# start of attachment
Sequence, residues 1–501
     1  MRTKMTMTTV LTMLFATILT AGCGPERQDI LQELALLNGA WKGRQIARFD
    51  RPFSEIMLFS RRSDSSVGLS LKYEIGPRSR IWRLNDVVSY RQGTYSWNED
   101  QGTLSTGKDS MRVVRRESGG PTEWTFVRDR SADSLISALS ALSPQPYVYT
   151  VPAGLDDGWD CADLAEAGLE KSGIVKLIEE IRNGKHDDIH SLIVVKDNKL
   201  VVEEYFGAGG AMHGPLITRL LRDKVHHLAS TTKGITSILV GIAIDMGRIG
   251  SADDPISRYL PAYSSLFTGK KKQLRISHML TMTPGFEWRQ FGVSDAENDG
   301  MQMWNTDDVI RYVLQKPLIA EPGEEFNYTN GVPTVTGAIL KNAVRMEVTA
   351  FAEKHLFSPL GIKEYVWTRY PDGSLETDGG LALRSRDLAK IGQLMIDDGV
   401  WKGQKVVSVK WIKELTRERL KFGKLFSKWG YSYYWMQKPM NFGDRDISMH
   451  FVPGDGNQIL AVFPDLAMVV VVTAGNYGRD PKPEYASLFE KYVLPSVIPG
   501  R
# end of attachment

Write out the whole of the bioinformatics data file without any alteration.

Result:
Sequence, residues 1–501
     1  MRTKMTMTTV LTMLFATILT AGCGPERQDI LQELALLNGA WKGRQIARFD
    51  RPFSEIMLFS RRSDSSVGLS LKYEIGPRSR IWRLNDVVSY RQGTYSWNED
   101  QGTLSTGKDS MRVVRRESGG PTEWTFVRDR SADSLISALS ALSPQPYVYT
   151  VPAGLDDGWD CADLAEAGLE KSGIVKLIEE IRNGKHDDIH SLIVVKDNKL
   201  VVEEYFGAGG AMHGPLITRL LRDKVHHLAS TTKGITSILV GIAIDMGRIG
   251  SADDPISRYL PAYSSLFTGK KKQLRISHML TMTPGFEWRQ FGVSDAENDG
   301  MQMWNTDDVI RYVLQKPLIA EPGEEFNYTN GVPTVTGAIL KNAVRMEVTA
   351  FAEKHLFSPL GIKEYVWTRY PDGSLETDGG LALRSRDLAK IGQLMIDDGV
   401  WKGQKVVSVK WIKELTRERL KFGKLFSKWG YSYYWMQKPM NFGDRDISMH
   451  FVPGDGNQIL AVFPDLAMVV VVTAGNYGRD PKPEYASLFE KYVLPSVIPG
   501  R